One of the most common types of security breaches you have to be on the lookout for is DDoS attacks. They are extrmely disruptive to online businesses, services, and all types of companies that use the internet to operate. Since 2020, these kinds of attacks have increased by more than 100%. In this article, we’re going to teach you how to stop DDoS attack prevention, how to protect yourself against them, and, also, how to respond in the case of an attack.
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DDoS Attack Prevention, the basics —- what is a DDoS attack?
DDoS stands for Distributed- Denial- of – Service. A DDoS attack is a malicious and coordinated attempt to disrupt, hamper, and throw the proverbial monkey wrench into the gears of your server, service, or network. How do hackers, and other types of cybercriminals do this? By overwhelming the target and its infrastructure.
DDoS attacks are carried out through the use of multiple networks and internet-connected machines. The attacking army, this gigantic tech infrastructure, consists of multiple computers, cellphones, tablets, and other devices that have a WiFi connection. These devices are infected with malware that allows them to be controlled and manipulated – like a puppet – by attackers remotely. Once these occur, the devices are – from a POV of a cyber specialist – hijacked — they are referred to as bots or zombies, and groupings called, a swarm or a botnet.
Once the attackers have enough zombies or bots they can direct them efficiently to attack someone’s network. They send remote instructions to each of the compromise devices so they act automatically. When they start their frenzy, their onslaught on a business, they begin by sending requests to the target’s IP address. This is utterly and completely normal, it’s what normally happens when someone wants to access your website. The thing is that your server, no matter how robust it is, has a limit. It has a choking point. If it receives too many requests at once, it short-circuits, becomes overwhelmed, and simply shuts down — resulting in a denial-of-service to all types of traffic.
These types of attacks are easy to organize and execute and over the last decade they have ramped up. Not only have they increased, but the average length of an attack has skyrocketed by over 500%. Almost every company has had an attack on their mainframe, the longer the attack persists, the longer they are offline, unable to operate properly or sell their stuff.
For example in 2020, Google was attacked. The spearpoint of the aggression was mounted for 3 Chinese ISPS and had Google scrambling to maintain its usual service. How long did the attack last? Over six months. Google was in a state of siege for half a year.
How to protect against DDoS attacks?
Let’s talk about some actions you and your team can take to safeguard yourself and have a plan for DDoS attack mitigation. It’s not a foolproof plan, but it helps. What’s incredibly complex about DDoS attacks is the fact that they can be mounted pretty fast, using other people’s computers and devices. What’s even more damning is that the only cure for an attack is separating, one by one, device and IP addresses — in other words, filtering out zombies and bots from actual paying customers.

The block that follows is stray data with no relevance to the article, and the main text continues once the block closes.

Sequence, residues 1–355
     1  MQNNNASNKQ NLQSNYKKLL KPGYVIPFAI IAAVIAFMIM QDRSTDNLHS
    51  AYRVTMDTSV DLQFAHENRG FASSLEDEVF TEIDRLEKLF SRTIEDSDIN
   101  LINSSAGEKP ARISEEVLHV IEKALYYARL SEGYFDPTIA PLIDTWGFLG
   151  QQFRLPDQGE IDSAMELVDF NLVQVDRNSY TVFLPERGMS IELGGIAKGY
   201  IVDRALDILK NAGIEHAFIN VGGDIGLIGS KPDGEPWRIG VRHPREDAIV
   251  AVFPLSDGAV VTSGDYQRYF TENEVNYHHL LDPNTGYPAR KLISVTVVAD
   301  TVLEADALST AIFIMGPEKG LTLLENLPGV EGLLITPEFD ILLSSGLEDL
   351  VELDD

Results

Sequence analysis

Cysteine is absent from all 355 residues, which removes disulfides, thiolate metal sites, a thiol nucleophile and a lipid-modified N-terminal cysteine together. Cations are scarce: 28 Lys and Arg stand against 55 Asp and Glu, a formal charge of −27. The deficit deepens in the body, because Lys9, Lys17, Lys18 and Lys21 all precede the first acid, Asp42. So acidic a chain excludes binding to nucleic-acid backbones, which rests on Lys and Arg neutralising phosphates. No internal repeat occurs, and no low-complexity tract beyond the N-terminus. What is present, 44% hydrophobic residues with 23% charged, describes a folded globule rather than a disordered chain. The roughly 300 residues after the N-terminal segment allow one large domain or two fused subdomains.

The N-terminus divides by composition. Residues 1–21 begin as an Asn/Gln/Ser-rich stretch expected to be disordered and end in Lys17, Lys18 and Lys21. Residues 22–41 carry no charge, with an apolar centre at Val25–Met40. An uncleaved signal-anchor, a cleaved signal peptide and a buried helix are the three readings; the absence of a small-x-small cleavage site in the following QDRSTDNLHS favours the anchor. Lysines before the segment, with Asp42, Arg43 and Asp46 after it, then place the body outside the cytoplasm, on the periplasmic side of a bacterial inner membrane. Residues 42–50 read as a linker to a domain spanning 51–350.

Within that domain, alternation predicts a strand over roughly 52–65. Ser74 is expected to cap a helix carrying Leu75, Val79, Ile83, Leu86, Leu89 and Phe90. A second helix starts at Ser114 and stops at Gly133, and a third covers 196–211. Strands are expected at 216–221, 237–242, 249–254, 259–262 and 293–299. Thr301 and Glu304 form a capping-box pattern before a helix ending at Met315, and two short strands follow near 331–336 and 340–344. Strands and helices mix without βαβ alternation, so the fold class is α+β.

How to ID DDoS attacks.
The first step in DDoS attack prevention is identifying when you’re being attacked. Here are some of the symptoms to look for:
- Suspicious traffic originating from a single IP Address or a region.
- Service suddenly becomes slow.
- A bizarre spike in traffic.
- A lot of traffic from users with a singular digital profile — geolocation, web browsers version, device type, etc.
- A surge of requests to a single page.
- Odd spikes at odd hours of the day.
Normal traffic or attack traffic?
It’s hard to differentiate between attack traffic and normal traffic, nevertheless here are some tips. It’s normal to have a spike in traffic during seasonal periods or during the launch of a new product or service. If you’re getting swamped during times when normally your website is fairly peaceful then you’re being attacked.
One solution for stopping DDoS attacks is blackhole routing. A network admin can create a blackhole route and funnel traffic into that junction. In its simplest form, a blackhole filters out traffic based on restriction criteria. A cyber security team will have before they implement this filtering, a few parameters like device types, geolocations, etc to add to the filter — all IP addresses that have any of those filters in the digital makeup will be funneled to this blackhole and dripped off the site’s traffic.
Limiting the number of requiems a server can accept is a quick and dirty way of mitigating a DDoS attack. It gives you time to implement different tools and AI to stop the attack.
Web Application Firewall
WAF or Web Application Firewall is a tool that can mitigate layered attacks. It protects the targeted server from certain types of disruptive traffic.
A SOC Team or Security Operation Center Team offers specialized looks and trained professionals that are well experienced and up-to-date on all these types of attacks. Not only in DDoS attacks prevention, but also in phishing tactics, ransomware attacks, malware, and all others.
Today, an average cyber breach, and normal cyber-attack, can end up costing most businesses about $4 million according to the stats and the latest FBI report. Why so much? It’s not only the attack but how long your service is offline, how much you’re losing each day in sales, how much your reputation is being hurt and your stock price is taking a hit — and that’s just the tip of the iceberg when it comes to the total price-tag of some of these attacks.